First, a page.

One issue that I have with the FIRE blogger community is we often live in a reality distortion field. Our biases cause us to eagerly report the positive and ignore the negative. I see it in myself. I’m much more eager to publish my Performance Updates when I’ve had a good month. Not so much for the bad ones.
But the negative is important too. Perhaps more important. The stock market won’t always roar. Your health may not always be perfect. Shit happens. We all need to have conversations about what happens when blue skies turn gray.
Today’s guest post was written by a friend who I’ll call Phoenix. My family and I first met her shortly after we moved to Longmont in 2013. She was kind enough to invite my family over to dinner and we all hit it off. Phoenix and her husband introduced us to contract bridge and Kubb, a fun Swedish lawn game. In the present day, we meet regularly for meals and other events. We have had each others’ backs during some minor emergencies. Phoenix was one of the first ones that made me realize just how important community is. Having a great circle of friends elevates your life.
I knew that Phoenix and her husband have had some issues, but it still made me sad to read her post. But these are the stories that need to be told. And I really appreciate Phoenix’s pure openness and raw honesty.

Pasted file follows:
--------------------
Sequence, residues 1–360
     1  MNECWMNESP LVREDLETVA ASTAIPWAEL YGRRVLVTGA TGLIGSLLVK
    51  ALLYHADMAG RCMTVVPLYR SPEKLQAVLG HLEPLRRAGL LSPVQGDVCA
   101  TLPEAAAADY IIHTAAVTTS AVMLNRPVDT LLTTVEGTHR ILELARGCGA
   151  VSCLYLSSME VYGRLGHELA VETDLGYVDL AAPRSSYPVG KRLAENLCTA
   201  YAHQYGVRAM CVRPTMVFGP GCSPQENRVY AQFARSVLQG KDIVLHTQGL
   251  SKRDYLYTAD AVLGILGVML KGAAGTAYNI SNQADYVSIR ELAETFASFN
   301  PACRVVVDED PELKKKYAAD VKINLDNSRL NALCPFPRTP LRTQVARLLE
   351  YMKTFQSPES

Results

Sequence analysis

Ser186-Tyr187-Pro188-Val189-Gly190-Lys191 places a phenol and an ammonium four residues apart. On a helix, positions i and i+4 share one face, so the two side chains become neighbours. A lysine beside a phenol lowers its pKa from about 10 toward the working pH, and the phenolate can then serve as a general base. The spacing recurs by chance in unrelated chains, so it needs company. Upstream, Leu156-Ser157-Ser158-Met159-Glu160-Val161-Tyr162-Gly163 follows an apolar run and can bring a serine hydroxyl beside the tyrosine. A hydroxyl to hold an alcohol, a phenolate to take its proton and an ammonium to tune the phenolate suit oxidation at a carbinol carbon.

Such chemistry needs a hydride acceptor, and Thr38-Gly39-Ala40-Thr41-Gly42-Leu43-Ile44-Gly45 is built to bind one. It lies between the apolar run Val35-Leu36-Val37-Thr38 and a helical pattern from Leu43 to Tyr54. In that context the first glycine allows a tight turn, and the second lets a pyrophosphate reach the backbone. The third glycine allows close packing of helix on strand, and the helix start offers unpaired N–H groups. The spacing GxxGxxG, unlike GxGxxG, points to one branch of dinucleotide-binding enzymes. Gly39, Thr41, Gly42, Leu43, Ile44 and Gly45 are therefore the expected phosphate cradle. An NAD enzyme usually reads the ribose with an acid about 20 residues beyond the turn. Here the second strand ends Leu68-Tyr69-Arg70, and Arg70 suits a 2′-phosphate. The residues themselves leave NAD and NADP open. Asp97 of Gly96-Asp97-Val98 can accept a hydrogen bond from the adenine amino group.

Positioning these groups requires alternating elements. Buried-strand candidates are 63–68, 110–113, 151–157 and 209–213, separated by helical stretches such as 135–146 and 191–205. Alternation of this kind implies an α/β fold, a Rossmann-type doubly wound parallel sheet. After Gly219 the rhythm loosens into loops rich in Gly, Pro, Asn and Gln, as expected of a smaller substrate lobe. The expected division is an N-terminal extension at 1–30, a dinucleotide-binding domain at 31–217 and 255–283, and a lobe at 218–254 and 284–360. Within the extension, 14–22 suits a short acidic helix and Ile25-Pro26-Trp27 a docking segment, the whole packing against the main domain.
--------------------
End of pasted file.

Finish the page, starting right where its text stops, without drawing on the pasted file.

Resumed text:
I’ve blabbed on long enough. Take it away Phoenix.
Mr. Money Mustache recently posted an article about the Financials of Divorce, based on his own experience. In the article, he mentions that divorce is not a topic that has been addressed on the blog before, but that it could be incredibly helpful to his readers since it is such a common experience (he mentioned the oft repeated statistic that half of marriages end in divorce).
I had never really thought about the lack of a discussion regarding divorce on the blog before. When I began reading FIRE blogs, the one that I was really drawn to was a now-defunct blog that resonated with me because the author’s marriage, divorce, and reconciliation story was quite similar to my own (though my story involves ‘separation,’ rather than ‘divorce’).
Over the years, I have become a FIRE disciple, telling anyone who will listen to me about financial independence and how people I know (Mr. 1500 and Mr. MM, for example) have done it, so you can too! But, how did I get here? Where does the FI-blog audience come from? Who, besides high-earning, burnt-out programmers, finds their way into the FI community?
Yes, there are a wide variety of blogs out there now, each with their own origin story. But I have not found another that resonates as much as that particular short-lived blog did (admittedly, my blog-reading time is limited since I am not yet FI, so please tell me if I am missing one that I should be reading!).